Non-COVID-19 emergencies: where have all the patients gone?

Key Points

• Early in the pandemic, numbers of patients undergoing non-COVID-19 emergent CTs dropped sharply but diagnostic yield did not increase, suggesting potentially undiagnosed emergencies in patients not seen in healthcare institutions.

As COVID-19 cases exploded in Europe in March and April 2020 [1], the number of patients seen in emergency departments surged, and radiology departments reallocated resources to serve the sudden influx of patients requiring chest CT for suspected or confirmed COVID-19 [2, 3]. Simultaneously, the number of non-COVID-related CTs dramatically dropped [4], questioning if true non-COVID-19 case illnesses were correctly managed.

The objective of this study was to assess if the pandemic had modified the profile of CT results in patients with non-COVID-19 medical emergencies in our institution. In other words, we aimed to evaluate which “non-COVID” patients refrained from undergoing CT during the pandemic.

This retrospective study was approved by our institutional review board. Non-COVID emergency department patients who underwent CT during March 16–30, 2019 (control group), and March 16–30, 2020 (study group), were included. The lockdown was officially pronounced on March 17, 2020. There were no exclusion criteria.

Emergency department and radiology files were evaluated by two radiologists, by consensus. CT scans were categorized as positive when the radiological diagnosis explained the clinical findings or negative in other cases (normal or unrelated findings).

The dataset consisted of 416 CTs in the 2019 control period and 465 CTs in the 2020 study period. During the study period, 301 CTs were performed for COVID-related emergencies and 164 CTs for non-COVID emergencies corresponding to a drop of 61%. Mean age (years) was 62 ± 24 and the female/male ratio was 51/49, similar for the two periods.

CT scans for non-COVID emergencies were positive in 132 controls (32%) in 2019 and in 59 patients (36%) during the same period in 2020 (− 73 patients). In-depth analysis showed no statistically significant difference between the groups in both the anatomic profile of CTs performed and the exam yield for non-COVID patients.

This study shows a sharp drop in non-COVID-19-related CTs during the current health crisis compared with a similar period in 2019. One hypothesis would have been that patients with mild symptoms or minor disease would refrain from going to emergency department, while those with more worrying conditions would have maintained their visit. However, this is not the case. The proportion of positive CTs did not increase compared with that in 2019. Therefore, the decrease in the number of CTs in standard-track patients is more likely a consequence of patient unwillingness to attend emergency departments, due to fear of contracting COVID-19. This means that the diagnosis of potentially severe conditions might not be done or at least significantly delayed. This is of major concern and specific public health actions may be needed.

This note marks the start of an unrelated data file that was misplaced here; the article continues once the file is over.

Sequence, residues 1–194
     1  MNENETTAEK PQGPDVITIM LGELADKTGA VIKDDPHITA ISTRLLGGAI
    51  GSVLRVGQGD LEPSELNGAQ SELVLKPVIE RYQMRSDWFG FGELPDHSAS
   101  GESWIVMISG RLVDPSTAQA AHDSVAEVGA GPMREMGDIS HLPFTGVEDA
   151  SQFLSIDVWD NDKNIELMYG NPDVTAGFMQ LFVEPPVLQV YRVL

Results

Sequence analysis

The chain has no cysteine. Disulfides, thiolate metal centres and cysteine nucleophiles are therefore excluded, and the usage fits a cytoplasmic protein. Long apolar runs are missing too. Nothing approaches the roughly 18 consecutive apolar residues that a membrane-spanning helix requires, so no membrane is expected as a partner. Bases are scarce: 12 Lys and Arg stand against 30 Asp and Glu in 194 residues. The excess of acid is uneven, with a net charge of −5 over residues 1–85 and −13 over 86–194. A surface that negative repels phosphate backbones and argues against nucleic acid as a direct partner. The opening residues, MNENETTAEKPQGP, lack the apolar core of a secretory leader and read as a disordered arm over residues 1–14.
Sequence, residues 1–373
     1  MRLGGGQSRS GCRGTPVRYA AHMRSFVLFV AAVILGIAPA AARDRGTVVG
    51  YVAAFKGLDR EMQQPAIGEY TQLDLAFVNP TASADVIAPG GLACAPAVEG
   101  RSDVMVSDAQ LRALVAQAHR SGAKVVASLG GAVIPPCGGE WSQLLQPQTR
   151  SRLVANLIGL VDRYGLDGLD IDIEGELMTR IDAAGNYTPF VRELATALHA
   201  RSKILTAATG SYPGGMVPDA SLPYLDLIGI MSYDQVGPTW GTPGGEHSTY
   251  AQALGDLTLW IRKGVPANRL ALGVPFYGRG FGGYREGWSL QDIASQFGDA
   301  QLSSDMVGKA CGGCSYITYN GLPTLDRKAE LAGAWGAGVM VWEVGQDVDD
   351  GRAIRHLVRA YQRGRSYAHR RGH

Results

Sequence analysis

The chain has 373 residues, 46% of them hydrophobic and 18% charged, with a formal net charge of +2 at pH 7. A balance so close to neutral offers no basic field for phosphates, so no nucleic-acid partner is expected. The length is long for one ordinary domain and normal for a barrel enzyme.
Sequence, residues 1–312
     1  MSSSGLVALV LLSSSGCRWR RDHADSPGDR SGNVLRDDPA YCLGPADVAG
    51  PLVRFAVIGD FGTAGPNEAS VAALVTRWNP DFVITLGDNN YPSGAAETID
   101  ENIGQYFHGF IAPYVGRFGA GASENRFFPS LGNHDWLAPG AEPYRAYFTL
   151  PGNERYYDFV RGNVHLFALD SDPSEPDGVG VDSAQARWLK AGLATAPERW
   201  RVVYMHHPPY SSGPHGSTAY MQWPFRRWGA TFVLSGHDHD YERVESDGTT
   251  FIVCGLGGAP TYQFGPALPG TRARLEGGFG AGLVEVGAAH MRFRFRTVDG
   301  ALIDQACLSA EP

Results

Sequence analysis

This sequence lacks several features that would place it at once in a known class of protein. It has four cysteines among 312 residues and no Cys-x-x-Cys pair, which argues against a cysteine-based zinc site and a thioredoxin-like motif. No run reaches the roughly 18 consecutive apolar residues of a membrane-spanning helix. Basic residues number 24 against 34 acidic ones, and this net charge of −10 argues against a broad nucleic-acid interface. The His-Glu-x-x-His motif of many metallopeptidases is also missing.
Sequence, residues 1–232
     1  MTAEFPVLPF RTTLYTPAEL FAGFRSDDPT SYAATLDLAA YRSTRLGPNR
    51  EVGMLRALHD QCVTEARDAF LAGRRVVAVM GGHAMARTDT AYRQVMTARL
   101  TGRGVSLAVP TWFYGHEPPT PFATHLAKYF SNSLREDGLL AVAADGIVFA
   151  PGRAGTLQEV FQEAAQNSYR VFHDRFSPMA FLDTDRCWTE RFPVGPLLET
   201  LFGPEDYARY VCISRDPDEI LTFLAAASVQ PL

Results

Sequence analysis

References

  1. 1.

    European Centre for Disease Prevention and Control (2020) Situation update worldwide, as of 6 April 2020. https://www.ecdc.europa.eu/en/geographical-distribution-2019-ncov-cases. Accessed 17 Apr 2020

  2. 2.

    Politi LS, Balzarini L (2020) The radiology department during the COVID-19 pandemic: a challenging, radical change. Eur Radiol. https://doi.org/10.1007/s00330-020-06871-0

  3. 3.

    Revel MP, Parkar AP, Prosch H et al (2020) COVID-19 patients and the radiology department - advice from the European Society of Radiology (ESR) and the European Society of Thoracic Imaging (ESTI). Eur Radiol. https://doi.org/10.1007/s00330-020-06865-y

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    Cavallo JJ, Forman HP (2020) The economic impact of the COVID-19 pandemic on radiology practices. Radiology. https://doi.org/10.1148/radiol.2020201495:201495

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The authors state that this work has not received any funding.

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Correspondence to Marc Zins.

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The scientific guarantor of this publication is Marc Zins, MD.

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The authors of this manuscript declare no relationships with any companies whose products or services may be related to the subject matter of the article.

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No complex statistical methods were necessary for this paper.

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Written informed consent was waived by the Institutional Review Board.

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Institutional Review Board approval was obtained.

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• retrospective

• observational

• performed at one institution

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Boeken, T., Le Berre, A., Mebazaa, A. et al. Non-COVID-19 emergencies: where have all the patients gone?. Eur Radiol 30, 5220–5221 (2020). https://doi.org/10.1007/s00330-020-06961-z

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